IMG_5775The inner helicoid can now be turned until it’s free. Always make a mark or take a pic to remind you where the helicoids separate. Forgetting to do so will result in hours of angry frustration as you guess where things should mate. Read my article on how to work with helicoids so you will have more knowledge on this matter because many people get stuck in this and end up with a useless pile of parts. I never accept these kinds of jobs so do not bother sending something like this to a repairman! Prepare to pay a premium if you did.

IMG_5767Please pay attention to the picture above. I have labeled the screws here as A and B. Each one of them have 3 pieces and they both perform 2 different things.

  1. A: These screws secure a small tab that prevents a shroud from getting loose. These tabs can easily get lost so be careful. These screws also secure the bayonet mount to the helicoid underneath it. Notice that it’s made of a different material.
  2. B: These screws just secure the bayonet mount to the helicoid underneath it.

You can remove these screws now or later as you go. It really doesn’t matter but always take some notes and pictures so you’ll know how the bayonet mount should be oriented.

IMG_5776The shroud can now be removed. This shroud moves up and down to block away light or dust as you turn the focusing ring and out. The shroud is only made up of thin plastic.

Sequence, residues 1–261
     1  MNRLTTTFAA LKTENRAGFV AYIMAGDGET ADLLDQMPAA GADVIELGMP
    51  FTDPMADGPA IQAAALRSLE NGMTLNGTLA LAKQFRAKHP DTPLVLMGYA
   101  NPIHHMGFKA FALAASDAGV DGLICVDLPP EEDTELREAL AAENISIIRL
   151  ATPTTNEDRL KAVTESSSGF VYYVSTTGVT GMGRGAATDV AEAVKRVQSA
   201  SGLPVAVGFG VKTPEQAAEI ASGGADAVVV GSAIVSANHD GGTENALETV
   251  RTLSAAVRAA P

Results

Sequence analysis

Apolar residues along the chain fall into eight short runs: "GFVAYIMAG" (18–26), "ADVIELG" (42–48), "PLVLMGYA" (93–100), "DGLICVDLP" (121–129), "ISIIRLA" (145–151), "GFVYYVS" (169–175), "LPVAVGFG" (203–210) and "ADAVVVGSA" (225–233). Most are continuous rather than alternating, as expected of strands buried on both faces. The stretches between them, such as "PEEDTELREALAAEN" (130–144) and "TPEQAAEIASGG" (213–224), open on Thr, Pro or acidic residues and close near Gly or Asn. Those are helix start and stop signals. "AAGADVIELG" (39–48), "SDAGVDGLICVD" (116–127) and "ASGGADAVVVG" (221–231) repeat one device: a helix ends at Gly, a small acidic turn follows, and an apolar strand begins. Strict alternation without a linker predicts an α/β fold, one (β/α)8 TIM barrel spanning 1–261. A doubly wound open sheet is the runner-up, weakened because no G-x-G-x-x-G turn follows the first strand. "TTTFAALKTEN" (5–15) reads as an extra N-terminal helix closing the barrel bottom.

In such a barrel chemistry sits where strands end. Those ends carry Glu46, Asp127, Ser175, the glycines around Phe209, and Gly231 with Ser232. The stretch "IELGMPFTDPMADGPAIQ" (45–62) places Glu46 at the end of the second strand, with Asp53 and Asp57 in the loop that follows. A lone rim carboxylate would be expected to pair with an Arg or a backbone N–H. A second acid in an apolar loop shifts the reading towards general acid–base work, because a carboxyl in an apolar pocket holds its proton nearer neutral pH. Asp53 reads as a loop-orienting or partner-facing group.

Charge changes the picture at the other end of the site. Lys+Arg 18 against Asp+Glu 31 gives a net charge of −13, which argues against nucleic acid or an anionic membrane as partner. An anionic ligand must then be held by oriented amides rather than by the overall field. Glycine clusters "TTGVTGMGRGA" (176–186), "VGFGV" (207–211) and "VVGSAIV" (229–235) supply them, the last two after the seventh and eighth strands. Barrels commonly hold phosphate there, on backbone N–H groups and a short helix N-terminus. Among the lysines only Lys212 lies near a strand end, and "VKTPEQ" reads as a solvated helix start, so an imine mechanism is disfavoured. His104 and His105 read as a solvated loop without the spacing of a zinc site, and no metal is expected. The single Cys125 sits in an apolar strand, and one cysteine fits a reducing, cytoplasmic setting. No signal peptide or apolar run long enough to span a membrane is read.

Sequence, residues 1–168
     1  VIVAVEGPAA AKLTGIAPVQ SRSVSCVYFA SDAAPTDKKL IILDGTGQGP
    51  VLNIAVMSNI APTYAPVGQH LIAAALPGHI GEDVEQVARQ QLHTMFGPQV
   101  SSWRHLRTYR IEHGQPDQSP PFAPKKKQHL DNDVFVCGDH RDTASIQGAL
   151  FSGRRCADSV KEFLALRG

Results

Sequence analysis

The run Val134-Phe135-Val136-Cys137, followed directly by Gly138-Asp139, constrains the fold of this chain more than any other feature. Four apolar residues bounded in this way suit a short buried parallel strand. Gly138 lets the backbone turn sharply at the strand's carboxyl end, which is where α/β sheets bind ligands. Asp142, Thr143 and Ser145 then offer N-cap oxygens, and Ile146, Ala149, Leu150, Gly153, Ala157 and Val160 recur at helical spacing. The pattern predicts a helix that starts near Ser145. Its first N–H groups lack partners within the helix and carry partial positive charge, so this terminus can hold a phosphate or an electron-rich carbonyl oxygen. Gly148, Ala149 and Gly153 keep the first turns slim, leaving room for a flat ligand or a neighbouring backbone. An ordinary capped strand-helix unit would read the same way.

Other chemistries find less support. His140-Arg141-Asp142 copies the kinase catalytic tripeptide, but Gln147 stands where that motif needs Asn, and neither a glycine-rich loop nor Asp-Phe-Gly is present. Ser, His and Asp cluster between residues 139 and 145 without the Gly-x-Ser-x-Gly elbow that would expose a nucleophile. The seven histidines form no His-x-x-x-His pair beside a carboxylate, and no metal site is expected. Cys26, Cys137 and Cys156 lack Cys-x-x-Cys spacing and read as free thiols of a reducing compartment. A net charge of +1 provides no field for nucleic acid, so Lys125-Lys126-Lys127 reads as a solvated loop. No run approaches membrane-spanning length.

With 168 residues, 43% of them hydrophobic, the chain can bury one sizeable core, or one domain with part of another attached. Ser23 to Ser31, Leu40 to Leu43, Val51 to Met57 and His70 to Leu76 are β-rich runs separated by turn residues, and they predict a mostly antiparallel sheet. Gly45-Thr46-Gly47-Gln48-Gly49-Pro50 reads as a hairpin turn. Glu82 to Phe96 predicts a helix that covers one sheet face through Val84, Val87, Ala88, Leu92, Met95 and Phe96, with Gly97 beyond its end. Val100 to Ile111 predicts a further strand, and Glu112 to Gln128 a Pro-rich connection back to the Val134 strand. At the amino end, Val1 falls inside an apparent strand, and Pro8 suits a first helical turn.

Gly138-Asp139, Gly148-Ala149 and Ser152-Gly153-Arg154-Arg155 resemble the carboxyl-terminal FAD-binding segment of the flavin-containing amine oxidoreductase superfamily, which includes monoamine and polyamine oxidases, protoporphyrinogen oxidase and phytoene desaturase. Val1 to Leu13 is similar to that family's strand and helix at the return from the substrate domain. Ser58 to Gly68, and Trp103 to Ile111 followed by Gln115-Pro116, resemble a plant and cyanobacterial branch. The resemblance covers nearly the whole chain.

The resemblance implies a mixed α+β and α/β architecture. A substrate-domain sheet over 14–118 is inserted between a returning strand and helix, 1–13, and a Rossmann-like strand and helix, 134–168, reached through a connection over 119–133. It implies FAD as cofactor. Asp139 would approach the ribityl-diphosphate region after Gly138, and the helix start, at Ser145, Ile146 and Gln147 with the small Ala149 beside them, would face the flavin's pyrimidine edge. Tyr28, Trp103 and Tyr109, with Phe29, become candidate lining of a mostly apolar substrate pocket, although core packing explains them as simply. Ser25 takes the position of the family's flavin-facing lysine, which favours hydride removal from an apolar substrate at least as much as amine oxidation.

IMG_5777The bayonet mount can easily be removed now that the 6 screws are all gone. To make it easy for me to know its orientation, I made a very small mark on the helicoid away from the threads to remind me where the red mark on the bayonet mount should be.

IMG_5778Remove this screw to free the helicoid key underneath it. There’s also another one on the other side by the way. Sorry for the blurry picture, it was back-focused.

IMG_5779And here is the helicoid key. Make a small mark underneath one of the helicoid key and where it was situated. This way you will not get mixed up and put the key on the wrong side. These were broken-in to their respective rails and it’s best that you put them back in the same position. When putting these back together, never over-tighten these and leave a little bit of play. This will ensure that these won’t get snagged and damage the rails. The helicoid keys will also wiggle in their rails a bit as you focus in or out and this will make it feel a lot smoother as it glides and adjust itself to the rails. The screws also have to be sunk-in enough so that it will not be in contact with the threads on the opposing helicoid.